Many have been forced to give up basketball on the professional level due to FIBA’s ban on headgear.

SAN FRANCISCO (Diya TV) — Headgear, including the turban, hijabs and yarmulkes, will be allowed in professional basketball following the approval of a proposal by the International Basketball Federation (FIBA) that overturns a ban on such head coverings.

The organization’s central board approved the proposal Wednesday, it was formally ratified during FIBA’s midterm congress on Thursday.

“It came up in our board meeting and everyone supported making the change,” USA Basketball chief executive Jim Tooley told The Associated Press prior to Thursday’s FIBA meeting.

FIBA first began processing the revision in Sept. 2014, and again in February of this year. It charged the playing rules committee to create a proposal that outlines how headgear could safely be worn in competition. “The new rule comes as a result of the fact that traditional dress codes in some countries – which called for the head and/or entire body being covered – were incompatible with FIBA’s previous headgear rule,” FIBA said in a statement.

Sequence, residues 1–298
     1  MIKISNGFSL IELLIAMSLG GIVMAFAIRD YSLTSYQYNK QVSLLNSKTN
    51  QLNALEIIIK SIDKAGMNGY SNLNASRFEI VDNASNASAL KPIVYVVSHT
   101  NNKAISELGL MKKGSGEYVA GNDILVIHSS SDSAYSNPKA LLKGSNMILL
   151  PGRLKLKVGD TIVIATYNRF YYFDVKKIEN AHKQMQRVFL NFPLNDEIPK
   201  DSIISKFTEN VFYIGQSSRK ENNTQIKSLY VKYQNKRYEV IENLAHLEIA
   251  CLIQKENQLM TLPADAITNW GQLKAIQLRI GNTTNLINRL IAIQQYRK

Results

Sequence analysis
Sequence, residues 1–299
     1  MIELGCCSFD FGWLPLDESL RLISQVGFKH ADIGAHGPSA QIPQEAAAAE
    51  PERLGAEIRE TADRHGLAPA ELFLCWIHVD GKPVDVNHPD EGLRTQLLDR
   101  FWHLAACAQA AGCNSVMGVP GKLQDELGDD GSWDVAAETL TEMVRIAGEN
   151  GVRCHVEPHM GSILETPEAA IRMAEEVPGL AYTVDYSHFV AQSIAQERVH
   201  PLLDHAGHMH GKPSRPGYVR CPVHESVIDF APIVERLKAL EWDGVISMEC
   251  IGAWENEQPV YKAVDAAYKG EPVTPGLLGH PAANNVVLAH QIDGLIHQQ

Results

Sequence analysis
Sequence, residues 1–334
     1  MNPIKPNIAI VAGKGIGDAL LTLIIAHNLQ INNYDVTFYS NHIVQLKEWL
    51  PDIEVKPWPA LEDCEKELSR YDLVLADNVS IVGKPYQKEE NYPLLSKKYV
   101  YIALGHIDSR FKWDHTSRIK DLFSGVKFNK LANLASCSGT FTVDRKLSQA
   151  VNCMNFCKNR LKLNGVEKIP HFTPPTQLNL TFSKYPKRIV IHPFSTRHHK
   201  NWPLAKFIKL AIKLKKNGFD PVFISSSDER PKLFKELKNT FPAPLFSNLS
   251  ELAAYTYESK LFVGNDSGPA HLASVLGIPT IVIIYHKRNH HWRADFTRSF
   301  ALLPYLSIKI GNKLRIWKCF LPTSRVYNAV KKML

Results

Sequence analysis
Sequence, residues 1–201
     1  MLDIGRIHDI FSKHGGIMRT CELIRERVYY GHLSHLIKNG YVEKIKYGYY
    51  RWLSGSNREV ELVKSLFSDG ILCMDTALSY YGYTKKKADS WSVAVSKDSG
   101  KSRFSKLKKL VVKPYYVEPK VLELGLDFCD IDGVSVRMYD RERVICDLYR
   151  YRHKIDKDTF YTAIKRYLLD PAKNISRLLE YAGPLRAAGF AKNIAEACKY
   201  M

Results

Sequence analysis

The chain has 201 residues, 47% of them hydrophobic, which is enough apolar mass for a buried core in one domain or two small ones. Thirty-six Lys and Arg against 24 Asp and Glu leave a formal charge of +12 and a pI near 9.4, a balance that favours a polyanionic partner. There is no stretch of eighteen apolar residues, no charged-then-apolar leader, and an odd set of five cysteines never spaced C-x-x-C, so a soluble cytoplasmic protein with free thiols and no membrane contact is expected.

It was feared that head coverings could fall off during the game and potentially pose a risk to players.

Per the new rule, headgear must meet certain criteria to be allowed in competition, including that it “does not cover any part of the face entirely or partially”, it is “not dangerous to the player wearing it or other players” and it does not have “parts extruding from its surface”.

The rule change followed a successful social media campaign, which began more than two years ago. A number of petitions calling for a change to the rule have garnered more than 137,000 signatures.

Kike Salihu Rafiu, who played basketball in college but was forced to give up the sport on a professional level because she wears a hijab, said in an interview with Al Jazeera that she believed social media helped prompt the reversal of the ban.

“Because we couldn’t physically meet in person because we’re all diverse … I think using that platform did open the eyes of FIBA in realising that there’s a huge community that wants to participate in the sport and this rule is actually stopping us from participating professionally and representing our country,” Rafiu said.

The new rule will begin being implemented in October.

Rafiu shared her excitement over the change.

“I’m really excited. Not just for us, but also for the younger generation,” she said.

“Now they don’t have to worry about any type of ban, all they have to worry about is just playing basketball.”